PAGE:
The days when South African companies could hope to escape the attention of cybercriminals are long gone. That became evident once again in February…
The Covid-19 pandemic, which has been declared a National Disaster and has prompted a 21-day national shut down, is having catastrophic effects on businesses throughout South Africa and around the globe.
Micro, small and medium enterprises are among the hardest hit by the crisis. Government departments have been inundated with enquiries from small firms, requesting help to mitigate the devastating impact the pandemic is having on their livelihoods.
The Minister of Small Business Development Khumbudzo Ntshavheni, announced that the SA government is introducing support measures for SMMEs during this extremely difficult time (see this story).
The department’s proposed Debt Relief Fund will offer qualifying small businesses much-needed repayment relief, which will assist many business owners who are currently finding their debts unserviceable.
Business owners who face cash flow challenges must make contact with their banks, suppliers and other creditors sooner rather than later
In order for small firms to qualify for assistance from the Fund, they will need to demonstrate a direct link of the impact, or potential impact, of Covid-19 on their businesses.
Assistance from banks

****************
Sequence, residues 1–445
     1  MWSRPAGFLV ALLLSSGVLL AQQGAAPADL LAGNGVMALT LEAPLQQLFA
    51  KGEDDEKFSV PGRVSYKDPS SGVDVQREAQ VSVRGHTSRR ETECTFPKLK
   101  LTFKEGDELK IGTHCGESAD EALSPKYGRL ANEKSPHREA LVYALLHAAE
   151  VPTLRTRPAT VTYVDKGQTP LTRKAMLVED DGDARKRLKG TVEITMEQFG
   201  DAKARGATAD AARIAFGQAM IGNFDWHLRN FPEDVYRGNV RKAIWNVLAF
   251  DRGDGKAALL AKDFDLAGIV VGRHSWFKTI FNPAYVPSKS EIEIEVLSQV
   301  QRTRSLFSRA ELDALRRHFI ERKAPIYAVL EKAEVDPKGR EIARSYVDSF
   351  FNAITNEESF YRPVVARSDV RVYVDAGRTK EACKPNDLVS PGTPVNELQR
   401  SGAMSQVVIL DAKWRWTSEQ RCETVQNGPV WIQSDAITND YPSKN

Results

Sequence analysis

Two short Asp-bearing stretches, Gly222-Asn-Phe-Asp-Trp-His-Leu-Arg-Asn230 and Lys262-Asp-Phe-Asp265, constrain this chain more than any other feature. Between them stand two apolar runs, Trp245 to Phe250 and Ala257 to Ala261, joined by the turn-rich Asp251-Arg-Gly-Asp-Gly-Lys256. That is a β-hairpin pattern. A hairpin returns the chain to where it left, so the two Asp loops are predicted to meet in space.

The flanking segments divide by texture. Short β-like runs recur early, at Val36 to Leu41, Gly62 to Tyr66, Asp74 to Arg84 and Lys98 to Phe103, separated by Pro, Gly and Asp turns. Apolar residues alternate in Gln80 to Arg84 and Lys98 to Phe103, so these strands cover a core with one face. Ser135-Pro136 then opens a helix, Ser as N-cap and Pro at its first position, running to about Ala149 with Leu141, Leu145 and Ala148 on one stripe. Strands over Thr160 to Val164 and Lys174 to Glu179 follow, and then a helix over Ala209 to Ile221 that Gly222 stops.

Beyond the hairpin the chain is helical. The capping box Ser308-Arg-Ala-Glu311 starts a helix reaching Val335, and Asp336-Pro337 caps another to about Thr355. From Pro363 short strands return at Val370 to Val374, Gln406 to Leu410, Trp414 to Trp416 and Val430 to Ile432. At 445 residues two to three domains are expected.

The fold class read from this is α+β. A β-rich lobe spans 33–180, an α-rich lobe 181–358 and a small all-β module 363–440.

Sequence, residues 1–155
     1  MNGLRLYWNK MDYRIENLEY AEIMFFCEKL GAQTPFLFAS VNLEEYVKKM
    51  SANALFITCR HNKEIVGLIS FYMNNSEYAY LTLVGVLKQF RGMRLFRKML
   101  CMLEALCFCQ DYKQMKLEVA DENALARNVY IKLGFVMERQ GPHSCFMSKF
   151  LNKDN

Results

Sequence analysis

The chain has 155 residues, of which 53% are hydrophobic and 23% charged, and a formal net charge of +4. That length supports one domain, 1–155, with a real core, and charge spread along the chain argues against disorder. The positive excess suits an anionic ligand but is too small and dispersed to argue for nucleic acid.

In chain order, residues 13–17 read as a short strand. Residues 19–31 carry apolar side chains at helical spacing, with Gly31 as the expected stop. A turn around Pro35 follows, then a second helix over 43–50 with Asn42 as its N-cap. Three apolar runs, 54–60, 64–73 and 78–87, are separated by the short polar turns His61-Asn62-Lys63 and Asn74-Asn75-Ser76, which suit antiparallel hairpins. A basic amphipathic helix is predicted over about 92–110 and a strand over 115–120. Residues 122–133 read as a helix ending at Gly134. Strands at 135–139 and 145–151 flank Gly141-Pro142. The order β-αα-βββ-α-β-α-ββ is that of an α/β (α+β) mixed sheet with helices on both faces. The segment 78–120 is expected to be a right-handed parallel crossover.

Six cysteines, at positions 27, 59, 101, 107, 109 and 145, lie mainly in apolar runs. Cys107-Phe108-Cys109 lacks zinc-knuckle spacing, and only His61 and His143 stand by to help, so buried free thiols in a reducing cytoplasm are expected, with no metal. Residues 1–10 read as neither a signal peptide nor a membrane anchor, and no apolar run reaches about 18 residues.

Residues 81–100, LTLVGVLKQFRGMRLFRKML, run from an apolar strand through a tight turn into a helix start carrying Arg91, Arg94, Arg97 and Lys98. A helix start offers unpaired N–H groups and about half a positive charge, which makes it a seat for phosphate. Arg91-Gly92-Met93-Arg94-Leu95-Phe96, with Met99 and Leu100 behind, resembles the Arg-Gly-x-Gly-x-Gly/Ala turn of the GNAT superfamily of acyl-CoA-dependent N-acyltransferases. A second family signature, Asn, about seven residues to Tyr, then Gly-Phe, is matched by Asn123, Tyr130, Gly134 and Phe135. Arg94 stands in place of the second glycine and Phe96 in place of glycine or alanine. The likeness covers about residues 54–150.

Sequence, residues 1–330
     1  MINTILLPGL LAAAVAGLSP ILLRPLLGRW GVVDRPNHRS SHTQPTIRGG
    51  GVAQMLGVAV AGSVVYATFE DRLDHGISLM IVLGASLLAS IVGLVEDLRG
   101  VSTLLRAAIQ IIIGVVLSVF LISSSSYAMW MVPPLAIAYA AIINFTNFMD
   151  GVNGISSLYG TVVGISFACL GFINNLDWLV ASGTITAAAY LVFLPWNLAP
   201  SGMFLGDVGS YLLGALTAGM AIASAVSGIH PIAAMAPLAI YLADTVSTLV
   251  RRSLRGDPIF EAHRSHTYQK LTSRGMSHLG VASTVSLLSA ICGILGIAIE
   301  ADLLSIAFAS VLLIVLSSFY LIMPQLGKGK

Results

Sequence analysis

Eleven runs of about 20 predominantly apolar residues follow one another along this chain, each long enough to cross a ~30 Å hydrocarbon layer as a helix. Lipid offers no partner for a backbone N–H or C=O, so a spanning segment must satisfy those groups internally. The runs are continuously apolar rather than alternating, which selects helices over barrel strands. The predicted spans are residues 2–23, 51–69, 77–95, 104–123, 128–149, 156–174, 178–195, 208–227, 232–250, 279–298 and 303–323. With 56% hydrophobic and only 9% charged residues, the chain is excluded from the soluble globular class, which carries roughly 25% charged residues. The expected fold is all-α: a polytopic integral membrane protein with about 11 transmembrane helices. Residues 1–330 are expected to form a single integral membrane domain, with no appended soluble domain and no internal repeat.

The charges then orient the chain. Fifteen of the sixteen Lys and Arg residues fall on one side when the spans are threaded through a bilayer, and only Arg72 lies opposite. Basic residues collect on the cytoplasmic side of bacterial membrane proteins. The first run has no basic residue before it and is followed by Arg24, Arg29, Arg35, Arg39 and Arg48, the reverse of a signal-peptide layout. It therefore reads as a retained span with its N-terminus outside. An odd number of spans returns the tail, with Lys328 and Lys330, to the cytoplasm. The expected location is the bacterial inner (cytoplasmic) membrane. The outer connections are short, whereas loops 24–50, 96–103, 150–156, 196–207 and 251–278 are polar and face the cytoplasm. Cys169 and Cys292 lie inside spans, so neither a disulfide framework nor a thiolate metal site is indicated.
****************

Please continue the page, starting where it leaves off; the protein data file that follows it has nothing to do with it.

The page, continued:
Some of the banks have also started announcing lifelines that they will be extending to their small business customers.
Standard Bank was first to the party, offering a three-month payment holiday for debt repayments for qualifying business customers with an annual turnover of less than R20-million.
Furthermore, the bank recently made a statement on Twitter, committing to reach out to their vehicle and home loan customers individually with payment relief options.
Nedbank are encouraging their customers to get in touch with them directly. They will be offering solutions including debt repayment holidays, extended loan periods, or short-term credit extensions on a case-by-case basis. They will make further announcements regarding their relief offerings in the coming days.
Now, more than ever, it is the performance of the small business sector that will determine the fate of the country’s economy going forward.
With a severely constrained fiscus and looming mass retrenchments by corporates, it is critical that the small business sector is strongly supported through this crisis.
Business owners who are facing cash flow challenges, to make contact with their banks, suppliers and other creditors sooner rather than later.
In this time of uncertainty, it is important that business owners take immediate steps to ensure they have the cash-flow reserves needed for the months ahead.
Ironically, the best time to apply for finance is when it is least needed, when business is booming. This is when lenders are more likely to approve credit facilities that are then available to the business owner for these kinds of unplanned crises.
Of course, if you haven’t already secured the money you need to bridge you through this tough time, then the next best time to apply for finance is now, before you hit the cash cliff.
Finfind has a database of over 600 small business finance offerings. Business owners can complete Finfind’s online questionnaire which will match them with finance offerings.
*Darlene Menzies is the CEO and founder of FinFind.